20 Years, 30 Years, 50 Years- How long will my shingles last?
Do 30-year shingles really last 30 years? Is there a 50-year shingle? Will a 50-year shingle really last 50 years? Most of the common shingle questions people have are about how long they will last. Replacing your roof is a sizable expense. Of course, you want to be certain you are maximizing your investment.
Unfortunately, there is really no way to guarantee any roofing material for a particular span of time. Why? There are too many factors that can affect the life of a shingle- such as climate, weather and environment. Has your roof weathered the wrath of a natural disaster? Or, does your roof endure long periods of extreme heat? Is the climate in your area known for varying greatly (i.e. 100-degree days and 50-degree nights)? Conversely, does your roof experience severe winters, ice, and has to bear the weight of snow for extensive periods of time?
Additionally, the pitch of your roof can play a factor. In short, the steeper your roof, the less likely it is to experience build-up of water, ice, debris, or even algae and fungus. Reducing build-up will help extend the life of your roof. If you live in a damp or subtropical area, you may want to consider algae-resistant shingles to combat long-term damage or discoloration.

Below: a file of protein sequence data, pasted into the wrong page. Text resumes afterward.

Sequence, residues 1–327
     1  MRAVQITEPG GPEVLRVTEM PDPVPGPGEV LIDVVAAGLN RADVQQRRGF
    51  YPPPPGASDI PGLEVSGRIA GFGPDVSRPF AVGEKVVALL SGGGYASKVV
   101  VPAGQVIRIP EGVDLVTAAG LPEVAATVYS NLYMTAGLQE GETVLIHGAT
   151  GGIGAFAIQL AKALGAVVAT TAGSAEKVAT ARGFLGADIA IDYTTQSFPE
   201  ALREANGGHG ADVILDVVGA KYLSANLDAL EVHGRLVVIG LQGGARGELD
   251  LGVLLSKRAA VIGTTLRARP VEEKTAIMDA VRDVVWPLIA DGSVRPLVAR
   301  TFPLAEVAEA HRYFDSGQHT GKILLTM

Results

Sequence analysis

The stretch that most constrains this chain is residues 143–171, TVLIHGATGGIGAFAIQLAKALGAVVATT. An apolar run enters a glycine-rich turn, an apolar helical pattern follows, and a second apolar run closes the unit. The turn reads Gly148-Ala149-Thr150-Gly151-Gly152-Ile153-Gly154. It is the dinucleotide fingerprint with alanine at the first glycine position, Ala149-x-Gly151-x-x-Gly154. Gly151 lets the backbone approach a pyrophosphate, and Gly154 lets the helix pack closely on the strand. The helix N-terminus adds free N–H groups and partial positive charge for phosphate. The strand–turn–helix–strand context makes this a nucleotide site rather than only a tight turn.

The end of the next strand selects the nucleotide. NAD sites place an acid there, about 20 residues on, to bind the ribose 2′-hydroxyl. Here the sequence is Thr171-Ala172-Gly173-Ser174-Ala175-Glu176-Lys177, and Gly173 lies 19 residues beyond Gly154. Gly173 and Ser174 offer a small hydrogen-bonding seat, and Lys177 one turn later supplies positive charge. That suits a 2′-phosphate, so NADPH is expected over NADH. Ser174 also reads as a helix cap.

This Brand or That Brand- Which one is better?
When the time comes for your home to need a new roof, and you start meeting with estimators, chances are you will hear the name of different shingle manufacturers. It’s understandable to question whether you should go with one manufacturer over the other. After all, we often tend to shop for good and services based on a company’s reputation, right?
You could spend hours online researching GAF versus CertainTeed versus Tamko, or Googling other common shingle questions such as:
Are GAF shingles good?
How long do CertainTeed landmark shingles last?
Are GAF shingles or CertainTeed shingles better?
Should I have Tamko shingles?
It’s a rabbit hold you really want to avoid if you can. After all, every home is different. The answers you find on Google may or may not apply to your home and its specific needs. As we’ve mentioned, there are a lot of factors that can contribute to the life span of your roof. In the end, does brand really matter when selecting a shingle? Not necessarily. Your contactor is the expert. They should choose the product that will meet your needs and expectations. Beyond that, the true difference is your contractor’s commitment to their workmanship. Do they meet or exceed the building codes for your area? What type of extended warranty do they offer? Are there any maintenance plans available? Once installation is complete, a reputable contractor will stand behind the product, regardless of brand, and ensure your new roof is maximizing its potential.
Common shingle questions: In conclusion…
As you can see, there are numerous factors that go into selecting the right roof for your home. Some we covered, such as your aesthetic preference, the design of your home, climate, environment, building codes, and available warranties. With so many factors to consider, it is important to select an established contractor in your area to ensure they have experience with these challenges and can provide you with the insight you need to make the right decision.
Do you have a question we didn’t cover? We’d love to hear from you! Chat with us anytime!